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Unhinging Horror: An Anxious Response to the “madness” of Hereditary (2018) and The Haunting of Hill House (2018)

By Sean Moreland

This post is, in part, a personal and very tendentious review of Ari Aster’s film Hereditary and Mike Flanagan’s Netflix mini-series The Haunting of Hill House. As such, it contains a number of spoilers for, and potentially disturbing images from, both. Caveat lector.

My response to both is shaped by broader concerns with the long and troubling history of representations of “madness” and “mental illness” in popular horror fictions (literary, cinematic, and televisual). In this respect, it is motivated in part by a panel I recently participated in at CanCon 2018, Ottawa’s s annual speculative fiction convention, titled “Horror and the Problematic Portrayal of Madness.”   On this note, keep your eyes on this space for a forthcoming continuation of that discussion with my co-panelists, Nathan Caro FréchetteTonya LiburdDavid Nickle, and Derek Newman-Stille.

This post is also in part a personal discussion of the relationship between anxiety, depression, grief, and the pleasures and problems of horror spectatorship from the point of view of a lifelong “horror fan.” My fandom (or, to use my colleague Aalya Ahmad’s preferred term, “fan(g)dom”) has, for better or worse, shaped my work and interests as a literature and film scholar, professional educator, and occasional writer of poetry and fiction.

It should be noted that throughout this piece, I mark out both the terms “madness” and “mental illness” (which often mean very different things) in quotation marks. In doing so, I do not intend to erase the realities, struggles, joys, sufferings, or triumphs of those who identify with these terms, or who have had these terms forced upon them. Rather, to mis-paraphrase a silly song, I want to hold these terms closely in quotation marks, while signalling that they do not, and probably cannot, have a neutral, transparent, cross-cultural or trans-historical meaning.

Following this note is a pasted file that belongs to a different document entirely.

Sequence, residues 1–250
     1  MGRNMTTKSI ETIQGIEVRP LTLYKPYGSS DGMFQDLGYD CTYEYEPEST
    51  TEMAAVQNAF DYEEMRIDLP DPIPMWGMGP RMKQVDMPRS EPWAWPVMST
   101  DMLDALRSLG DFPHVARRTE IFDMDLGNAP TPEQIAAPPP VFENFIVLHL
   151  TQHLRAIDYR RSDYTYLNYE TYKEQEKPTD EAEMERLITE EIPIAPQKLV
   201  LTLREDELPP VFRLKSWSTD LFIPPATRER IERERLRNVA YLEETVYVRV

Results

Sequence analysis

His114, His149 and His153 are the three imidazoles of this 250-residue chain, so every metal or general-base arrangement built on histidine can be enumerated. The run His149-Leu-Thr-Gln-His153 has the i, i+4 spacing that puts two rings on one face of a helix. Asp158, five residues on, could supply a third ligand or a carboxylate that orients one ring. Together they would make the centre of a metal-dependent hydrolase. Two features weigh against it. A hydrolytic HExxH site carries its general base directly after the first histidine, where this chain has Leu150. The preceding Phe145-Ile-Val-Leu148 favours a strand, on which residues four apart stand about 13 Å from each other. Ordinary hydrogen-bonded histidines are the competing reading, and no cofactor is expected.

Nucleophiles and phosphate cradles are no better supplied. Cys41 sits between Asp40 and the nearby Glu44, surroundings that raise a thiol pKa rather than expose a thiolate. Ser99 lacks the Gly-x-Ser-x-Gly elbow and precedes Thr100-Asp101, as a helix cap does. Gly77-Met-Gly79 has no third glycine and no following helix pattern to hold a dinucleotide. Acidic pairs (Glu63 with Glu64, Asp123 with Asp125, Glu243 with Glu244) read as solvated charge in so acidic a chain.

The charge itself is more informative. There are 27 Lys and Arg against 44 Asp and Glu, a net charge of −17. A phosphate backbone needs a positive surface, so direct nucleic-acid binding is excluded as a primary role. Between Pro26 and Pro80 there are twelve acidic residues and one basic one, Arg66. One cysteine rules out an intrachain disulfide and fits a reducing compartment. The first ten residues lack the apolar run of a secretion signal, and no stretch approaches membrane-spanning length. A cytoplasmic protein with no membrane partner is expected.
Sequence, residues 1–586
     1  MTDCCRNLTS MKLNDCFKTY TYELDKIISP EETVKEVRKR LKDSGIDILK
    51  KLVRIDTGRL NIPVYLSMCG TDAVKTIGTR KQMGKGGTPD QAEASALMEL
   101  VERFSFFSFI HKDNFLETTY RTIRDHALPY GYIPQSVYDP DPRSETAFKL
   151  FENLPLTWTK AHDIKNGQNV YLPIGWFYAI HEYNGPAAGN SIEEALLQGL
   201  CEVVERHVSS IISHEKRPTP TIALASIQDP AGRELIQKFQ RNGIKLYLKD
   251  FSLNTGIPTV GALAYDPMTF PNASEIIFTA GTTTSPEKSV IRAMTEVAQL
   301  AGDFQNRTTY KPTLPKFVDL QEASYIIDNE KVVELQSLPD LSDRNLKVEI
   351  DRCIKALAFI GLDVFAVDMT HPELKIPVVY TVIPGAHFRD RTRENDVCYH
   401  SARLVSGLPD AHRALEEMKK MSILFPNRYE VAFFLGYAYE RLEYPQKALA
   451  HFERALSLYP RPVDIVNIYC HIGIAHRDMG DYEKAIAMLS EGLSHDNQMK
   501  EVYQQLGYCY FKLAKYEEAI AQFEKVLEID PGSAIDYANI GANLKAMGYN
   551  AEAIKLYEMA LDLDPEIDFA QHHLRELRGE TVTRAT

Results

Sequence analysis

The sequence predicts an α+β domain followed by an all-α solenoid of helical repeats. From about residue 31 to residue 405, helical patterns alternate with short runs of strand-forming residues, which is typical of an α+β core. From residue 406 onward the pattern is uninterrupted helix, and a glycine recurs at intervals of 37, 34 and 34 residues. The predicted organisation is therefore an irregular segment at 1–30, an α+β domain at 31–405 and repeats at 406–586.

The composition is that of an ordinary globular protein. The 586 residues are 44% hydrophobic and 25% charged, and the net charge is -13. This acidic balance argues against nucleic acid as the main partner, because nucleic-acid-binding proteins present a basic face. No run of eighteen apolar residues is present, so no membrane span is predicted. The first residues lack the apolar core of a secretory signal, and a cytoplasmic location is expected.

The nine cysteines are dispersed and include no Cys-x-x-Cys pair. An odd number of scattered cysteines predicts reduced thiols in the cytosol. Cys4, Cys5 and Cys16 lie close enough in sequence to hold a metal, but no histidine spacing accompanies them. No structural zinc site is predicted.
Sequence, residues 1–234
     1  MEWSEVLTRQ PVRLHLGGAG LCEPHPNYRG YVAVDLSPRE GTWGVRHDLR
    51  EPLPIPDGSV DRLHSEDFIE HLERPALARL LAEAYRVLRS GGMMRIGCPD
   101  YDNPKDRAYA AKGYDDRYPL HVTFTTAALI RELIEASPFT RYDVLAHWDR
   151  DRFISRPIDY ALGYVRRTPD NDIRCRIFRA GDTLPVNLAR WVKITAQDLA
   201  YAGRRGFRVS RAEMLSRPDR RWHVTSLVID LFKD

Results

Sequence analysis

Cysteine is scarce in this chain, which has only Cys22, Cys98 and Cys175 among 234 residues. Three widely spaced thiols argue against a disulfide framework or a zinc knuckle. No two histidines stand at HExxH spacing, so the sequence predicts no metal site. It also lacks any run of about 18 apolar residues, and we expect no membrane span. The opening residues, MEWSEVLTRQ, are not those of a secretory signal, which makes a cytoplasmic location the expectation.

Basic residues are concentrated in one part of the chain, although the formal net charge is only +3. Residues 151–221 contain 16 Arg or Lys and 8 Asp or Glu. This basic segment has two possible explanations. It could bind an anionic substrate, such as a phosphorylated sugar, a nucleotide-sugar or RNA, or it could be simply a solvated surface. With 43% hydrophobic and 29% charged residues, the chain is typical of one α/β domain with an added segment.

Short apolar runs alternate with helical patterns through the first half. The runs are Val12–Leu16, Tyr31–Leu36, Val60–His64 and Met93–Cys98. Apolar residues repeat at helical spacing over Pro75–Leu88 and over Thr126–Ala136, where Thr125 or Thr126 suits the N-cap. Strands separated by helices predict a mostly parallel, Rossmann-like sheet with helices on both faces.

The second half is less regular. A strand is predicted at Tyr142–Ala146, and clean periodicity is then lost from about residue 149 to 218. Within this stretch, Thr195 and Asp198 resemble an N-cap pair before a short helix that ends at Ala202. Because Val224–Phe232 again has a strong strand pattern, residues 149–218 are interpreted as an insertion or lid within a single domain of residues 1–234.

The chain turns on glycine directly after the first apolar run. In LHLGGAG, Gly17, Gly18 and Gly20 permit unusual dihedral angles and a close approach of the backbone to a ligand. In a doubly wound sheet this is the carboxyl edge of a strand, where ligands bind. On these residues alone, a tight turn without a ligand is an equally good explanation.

First, Hereditary.

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I saw the film during its theatrical run with my wife and a friend. My wife enjoyed it, jumped at the jump-scary scenes, and was untroubled by it otherwise. It was, in her estimation, a “good horror film,” although not a great or especially original one. My friend and I, on the other hand, who both live with levels of anxiety that sometimes become difficult to manage (or function socially and professionally through) and who both consider ourselves to be horror film “connoisseurs,” began having the prodromal symptoms of an impending panic attack by the mid-point of the film. When we discussed it after the fact, we both used the words “deeply disturbing” and “powerful” to describe it.